Full review HERE ★★★★★

As for my winner prediction… to recap, we’re looking at the following: The Mars Room, The Overstory, Everything Under, Milkman, Washington Black, and The Long Take.  I could make a case for any of these.  From an optics standpoint, obviously Washington Black would look the best (black female non-American author) and The Overstory would look the worst (white male American author – and he would commit the sin of being the third American winner in a row).  I don’t think Washington Black is going to win; I just don’t think it has the literary caliber of the rest of the list.  And while my gut tells me that The Overstory is the most Man Booker-y book on this list, I don’t think it’s going to win either.  The judges aren’t living under a rock; they know as well as anyone that ‘American man wins Man Booker third year in a row’ isn’t a headline anyone wants to see.  So, what are we left with?

40106338Winner prediction: Milkman by Anna Burns.  Is this wishful thinking?  Yes.  Am I officially jinxing it with my complete inability to accurately predict literary prize winners?  Also yes.  Sorry, Milkman.  But I think it ticks all the right boxes.  Topical (feminist undercurrents; thorough depiction of social unrest; plus it’s officially been 50 years since the conflict that started The Troubles broke out so the topic itself is arguably more resonant this year than it would be any other year), structurally innovative, challenging, and poetic… I think it’s got what it takes.  And I certainly hope it wins.  I think I’ll feel a strong sense of anticlimax if any of the others take the prize.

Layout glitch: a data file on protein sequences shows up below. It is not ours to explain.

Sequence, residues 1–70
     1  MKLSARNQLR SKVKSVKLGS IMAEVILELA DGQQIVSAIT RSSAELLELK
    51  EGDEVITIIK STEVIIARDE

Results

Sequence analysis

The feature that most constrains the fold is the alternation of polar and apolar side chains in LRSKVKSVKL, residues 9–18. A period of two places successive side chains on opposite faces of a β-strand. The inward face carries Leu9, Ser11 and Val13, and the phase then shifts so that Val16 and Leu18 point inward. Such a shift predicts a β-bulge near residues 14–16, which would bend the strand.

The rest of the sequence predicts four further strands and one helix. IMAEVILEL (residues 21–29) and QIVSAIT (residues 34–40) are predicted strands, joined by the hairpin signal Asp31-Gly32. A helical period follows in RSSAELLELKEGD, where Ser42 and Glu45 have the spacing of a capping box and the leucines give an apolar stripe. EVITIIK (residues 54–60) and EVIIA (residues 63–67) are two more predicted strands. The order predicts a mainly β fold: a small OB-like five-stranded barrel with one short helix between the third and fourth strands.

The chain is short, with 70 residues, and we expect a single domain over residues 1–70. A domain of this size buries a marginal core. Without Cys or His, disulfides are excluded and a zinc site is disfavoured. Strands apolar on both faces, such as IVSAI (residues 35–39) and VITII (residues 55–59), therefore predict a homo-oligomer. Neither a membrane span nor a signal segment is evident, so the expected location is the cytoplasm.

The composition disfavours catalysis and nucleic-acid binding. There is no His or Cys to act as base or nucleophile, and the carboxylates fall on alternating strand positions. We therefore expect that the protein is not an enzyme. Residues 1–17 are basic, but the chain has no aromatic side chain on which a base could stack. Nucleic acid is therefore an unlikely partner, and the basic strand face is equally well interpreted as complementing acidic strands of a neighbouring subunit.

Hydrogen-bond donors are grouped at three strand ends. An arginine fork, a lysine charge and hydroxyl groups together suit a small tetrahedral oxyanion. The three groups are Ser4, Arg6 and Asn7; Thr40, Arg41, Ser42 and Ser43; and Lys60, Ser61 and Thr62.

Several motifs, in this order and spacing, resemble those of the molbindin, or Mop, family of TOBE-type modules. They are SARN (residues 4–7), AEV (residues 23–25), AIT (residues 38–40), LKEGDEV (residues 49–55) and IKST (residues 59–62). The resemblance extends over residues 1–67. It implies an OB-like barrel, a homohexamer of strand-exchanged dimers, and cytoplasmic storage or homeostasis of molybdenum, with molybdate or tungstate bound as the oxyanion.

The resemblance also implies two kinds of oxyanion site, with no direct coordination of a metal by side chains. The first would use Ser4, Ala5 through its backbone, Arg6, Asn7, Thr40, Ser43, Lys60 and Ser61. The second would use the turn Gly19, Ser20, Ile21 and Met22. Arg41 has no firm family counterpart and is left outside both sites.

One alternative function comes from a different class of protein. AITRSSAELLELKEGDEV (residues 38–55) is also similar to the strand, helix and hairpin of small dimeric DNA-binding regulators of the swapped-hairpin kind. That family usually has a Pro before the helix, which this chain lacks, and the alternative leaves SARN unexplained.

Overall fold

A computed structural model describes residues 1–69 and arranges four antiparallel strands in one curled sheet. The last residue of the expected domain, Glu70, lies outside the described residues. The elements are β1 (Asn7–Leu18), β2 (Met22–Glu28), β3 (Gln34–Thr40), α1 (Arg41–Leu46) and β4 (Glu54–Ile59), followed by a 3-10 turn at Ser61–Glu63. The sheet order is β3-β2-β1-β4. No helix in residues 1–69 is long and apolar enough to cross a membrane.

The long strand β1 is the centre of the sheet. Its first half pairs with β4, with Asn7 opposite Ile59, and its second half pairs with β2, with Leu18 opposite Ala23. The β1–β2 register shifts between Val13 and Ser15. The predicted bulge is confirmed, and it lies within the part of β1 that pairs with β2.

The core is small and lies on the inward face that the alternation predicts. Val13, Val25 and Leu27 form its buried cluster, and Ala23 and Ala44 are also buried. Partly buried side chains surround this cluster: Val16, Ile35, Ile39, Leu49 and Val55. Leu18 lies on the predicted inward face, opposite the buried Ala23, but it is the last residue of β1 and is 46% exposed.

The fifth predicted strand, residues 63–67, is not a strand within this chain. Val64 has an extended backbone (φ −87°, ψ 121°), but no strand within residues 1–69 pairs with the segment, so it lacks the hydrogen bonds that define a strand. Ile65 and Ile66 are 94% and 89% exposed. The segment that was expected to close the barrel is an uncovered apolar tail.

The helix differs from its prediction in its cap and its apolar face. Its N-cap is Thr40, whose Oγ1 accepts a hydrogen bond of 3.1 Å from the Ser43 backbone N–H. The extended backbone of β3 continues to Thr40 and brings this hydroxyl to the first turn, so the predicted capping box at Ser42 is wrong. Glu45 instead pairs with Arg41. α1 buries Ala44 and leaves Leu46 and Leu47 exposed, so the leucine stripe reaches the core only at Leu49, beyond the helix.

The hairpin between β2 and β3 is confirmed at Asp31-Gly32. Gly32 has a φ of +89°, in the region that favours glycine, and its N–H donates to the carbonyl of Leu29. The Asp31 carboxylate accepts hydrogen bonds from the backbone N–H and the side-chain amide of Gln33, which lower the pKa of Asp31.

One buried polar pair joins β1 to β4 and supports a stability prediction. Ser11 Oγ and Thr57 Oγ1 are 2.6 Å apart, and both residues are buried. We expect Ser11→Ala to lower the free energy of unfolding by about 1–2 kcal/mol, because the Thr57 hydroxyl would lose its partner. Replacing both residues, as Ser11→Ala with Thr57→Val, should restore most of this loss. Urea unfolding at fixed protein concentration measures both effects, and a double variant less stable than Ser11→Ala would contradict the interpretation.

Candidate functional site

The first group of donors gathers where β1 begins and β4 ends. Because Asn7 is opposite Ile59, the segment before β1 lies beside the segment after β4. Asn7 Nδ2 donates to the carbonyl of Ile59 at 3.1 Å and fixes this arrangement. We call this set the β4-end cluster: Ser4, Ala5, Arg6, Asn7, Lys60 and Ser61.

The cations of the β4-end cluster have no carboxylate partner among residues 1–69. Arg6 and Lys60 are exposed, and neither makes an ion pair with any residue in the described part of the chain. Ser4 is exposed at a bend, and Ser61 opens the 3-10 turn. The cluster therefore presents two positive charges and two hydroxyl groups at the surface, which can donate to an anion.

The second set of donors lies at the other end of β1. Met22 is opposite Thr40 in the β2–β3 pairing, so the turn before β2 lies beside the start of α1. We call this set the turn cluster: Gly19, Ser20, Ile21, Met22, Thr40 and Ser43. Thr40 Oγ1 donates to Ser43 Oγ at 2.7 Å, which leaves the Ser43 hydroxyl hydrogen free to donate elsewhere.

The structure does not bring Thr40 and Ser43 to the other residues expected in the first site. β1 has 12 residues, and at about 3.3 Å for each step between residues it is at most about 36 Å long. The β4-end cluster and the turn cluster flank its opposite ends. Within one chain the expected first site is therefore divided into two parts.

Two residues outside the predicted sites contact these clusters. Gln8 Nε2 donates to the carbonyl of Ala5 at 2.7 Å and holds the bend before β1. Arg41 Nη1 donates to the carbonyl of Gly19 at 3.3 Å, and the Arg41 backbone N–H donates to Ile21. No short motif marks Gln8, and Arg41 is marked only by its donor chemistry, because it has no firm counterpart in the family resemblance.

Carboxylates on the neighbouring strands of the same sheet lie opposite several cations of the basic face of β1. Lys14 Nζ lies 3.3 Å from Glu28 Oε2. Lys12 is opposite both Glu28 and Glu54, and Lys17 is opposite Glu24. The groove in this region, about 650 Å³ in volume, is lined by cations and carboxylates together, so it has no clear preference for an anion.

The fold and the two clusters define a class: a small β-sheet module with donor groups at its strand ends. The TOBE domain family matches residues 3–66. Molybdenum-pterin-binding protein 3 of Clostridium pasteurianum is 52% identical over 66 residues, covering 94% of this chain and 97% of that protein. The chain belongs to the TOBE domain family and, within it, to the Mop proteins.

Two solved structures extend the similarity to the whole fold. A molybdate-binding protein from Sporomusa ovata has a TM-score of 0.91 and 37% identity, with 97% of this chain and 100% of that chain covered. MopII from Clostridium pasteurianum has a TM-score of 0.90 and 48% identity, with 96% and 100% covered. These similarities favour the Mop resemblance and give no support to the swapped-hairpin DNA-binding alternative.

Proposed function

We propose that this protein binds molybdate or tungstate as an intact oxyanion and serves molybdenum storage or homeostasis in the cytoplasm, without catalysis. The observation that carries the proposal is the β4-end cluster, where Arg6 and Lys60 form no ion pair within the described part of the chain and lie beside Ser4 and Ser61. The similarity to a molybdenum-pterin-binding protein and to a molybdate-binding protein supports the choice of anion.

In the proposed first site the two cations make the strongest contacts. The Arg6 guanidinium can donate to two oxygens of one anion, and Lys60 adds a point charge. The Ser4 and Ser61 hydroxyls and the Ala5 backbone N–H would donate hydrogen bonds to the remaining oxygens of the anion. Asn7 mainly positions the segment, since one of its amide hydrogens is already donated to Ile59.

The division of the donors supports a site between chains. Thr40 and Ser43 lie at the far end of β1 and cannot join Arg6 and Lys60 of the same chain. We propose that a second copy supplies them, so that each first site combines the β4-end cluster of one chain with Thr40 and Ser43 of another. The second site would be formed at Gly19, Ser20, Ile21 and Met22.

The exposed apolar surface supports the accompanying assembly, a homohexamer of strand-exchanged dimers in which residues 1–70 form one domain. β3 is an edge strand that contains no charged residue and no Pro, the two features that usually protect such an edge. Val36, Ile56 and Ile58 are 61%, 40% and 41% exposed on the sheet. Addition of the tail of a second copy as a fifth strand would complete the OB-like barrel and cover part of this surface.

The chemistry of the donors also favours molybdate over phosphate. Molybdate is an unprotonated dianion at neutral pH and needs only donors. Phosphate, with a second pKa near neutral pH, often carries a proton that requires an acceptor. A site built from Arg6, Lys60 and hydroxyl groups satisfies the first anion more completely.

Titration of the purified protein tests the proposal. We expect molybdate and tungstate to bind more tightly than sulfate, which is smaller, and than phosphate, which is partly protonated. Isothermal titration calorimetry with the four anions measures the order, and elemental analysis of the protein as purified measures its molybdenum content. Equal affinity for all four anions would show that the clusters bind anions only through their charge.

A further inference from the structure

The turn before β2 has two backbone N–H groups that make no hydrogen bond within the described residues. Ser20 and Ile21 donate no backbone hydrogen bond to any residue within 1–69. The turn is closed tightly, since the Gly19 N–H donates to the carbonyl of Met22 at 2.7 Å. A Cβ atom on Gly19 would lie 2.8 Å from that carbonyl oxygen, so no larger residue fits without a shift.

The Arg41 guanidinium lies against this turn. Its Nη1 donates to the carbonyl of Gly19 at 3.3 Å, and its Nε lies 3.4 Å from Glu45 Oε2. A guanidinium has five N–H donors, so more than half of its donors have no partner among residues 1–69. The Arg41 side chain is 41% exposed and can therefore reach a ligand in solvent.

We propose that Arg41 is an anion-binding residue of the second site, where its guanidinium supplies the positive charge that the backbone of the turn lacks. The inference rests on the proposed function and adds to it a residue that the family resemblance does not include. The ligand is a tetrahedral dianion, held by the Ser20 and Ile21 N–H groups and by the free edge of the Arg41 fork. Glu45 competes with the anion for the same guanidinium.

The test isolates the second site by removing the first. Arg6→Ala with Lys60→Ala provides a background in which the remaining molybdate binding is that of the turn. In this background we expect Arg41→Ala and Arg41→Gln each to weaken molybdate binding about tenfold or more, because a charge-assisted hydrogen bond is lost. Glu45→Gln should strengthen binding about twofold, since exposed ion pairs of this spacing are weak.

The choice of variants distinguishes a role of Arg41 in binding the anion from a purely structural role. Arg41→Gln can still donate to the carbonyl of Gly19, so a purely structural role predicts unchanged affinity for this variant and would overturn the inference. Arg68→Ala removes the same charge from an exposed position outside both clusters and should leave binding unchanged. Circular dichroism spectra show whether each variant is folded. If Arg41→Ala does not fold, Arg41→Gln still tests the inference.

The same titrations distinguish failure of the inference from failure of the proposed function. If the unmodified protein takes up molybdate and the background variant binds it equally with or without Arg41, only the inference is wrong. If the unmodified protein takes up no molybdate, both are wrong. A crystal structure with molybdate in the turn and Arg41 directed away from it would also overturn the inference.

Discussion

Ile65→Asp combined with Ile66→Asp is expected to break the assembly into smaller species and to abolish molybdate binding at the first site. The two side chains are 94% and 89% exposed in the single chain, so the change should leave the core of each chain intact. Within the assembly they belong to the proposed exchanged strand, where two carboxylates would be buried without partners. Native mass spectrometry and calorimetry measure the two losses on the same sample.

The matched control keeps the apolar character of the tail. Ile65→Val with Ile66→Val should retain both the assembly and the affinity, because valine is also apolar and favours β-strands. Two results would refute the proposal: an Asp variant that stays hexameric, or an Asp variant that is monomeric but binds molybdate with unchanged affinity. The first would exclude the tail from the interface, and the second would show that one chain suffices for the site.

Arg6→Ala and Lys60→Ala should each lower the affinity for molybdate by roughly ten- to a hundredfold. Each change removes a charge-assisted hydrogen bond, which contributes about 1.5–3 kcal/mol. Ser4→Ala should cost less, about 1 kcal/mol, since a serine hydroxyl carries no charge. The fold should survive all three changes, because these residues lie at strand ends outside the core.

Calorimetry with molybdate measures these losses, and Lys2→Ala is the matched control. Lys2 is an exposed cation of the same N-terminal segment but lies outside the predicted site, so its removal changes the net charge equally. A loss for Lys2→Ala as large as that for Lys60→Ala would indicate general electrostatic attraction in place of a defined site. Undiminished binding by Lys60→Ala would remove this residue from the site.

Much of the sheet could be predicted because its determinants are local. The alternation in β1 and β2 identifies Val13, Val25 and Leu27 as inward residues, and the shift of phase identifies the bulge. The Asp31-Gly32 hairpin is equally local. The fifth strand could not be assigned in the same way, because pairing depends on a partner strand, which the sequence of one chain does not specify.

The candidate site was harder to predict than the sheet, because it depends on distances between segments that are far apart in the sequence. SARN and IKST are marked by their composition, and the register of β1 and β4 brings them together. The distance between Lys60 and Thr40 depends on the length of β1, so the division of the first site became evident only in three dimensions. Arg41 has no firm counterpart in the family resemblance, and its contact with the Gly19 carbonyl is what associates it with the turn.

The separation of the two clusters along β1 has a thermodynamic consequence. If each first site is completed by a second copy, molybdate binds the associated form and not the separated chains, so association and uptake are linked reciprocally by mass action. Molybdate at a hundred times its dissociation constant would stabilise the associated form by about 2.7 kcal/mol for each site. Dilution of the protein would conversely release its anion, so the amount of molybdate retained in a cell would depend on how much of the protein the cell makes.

Which book does everyone else think is going to win tomorrow, and which would you like to see win?  Let’s discuss!

Man Booker 2018 Shortlist Reaction

Well, here we are!  I’ve read 10/13 so far and the shortlist was announced this morning.

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Photo from the Man Booker website.

Anna Burns (UK)  Milkman (Faber & Faber)

Esi Edugyan (Canada)   Washington Black (Serpent’s Tail)

Daisy Johnson (UK)   Everything Under (Jonathan Cape)

Rachel Kushner (USA)   The Mars Room (Jonathan Cape)

Richard Powers (USA)   The Overstory (William Heinemann)

Robin Robertson (UK)   The Long Take (Picador)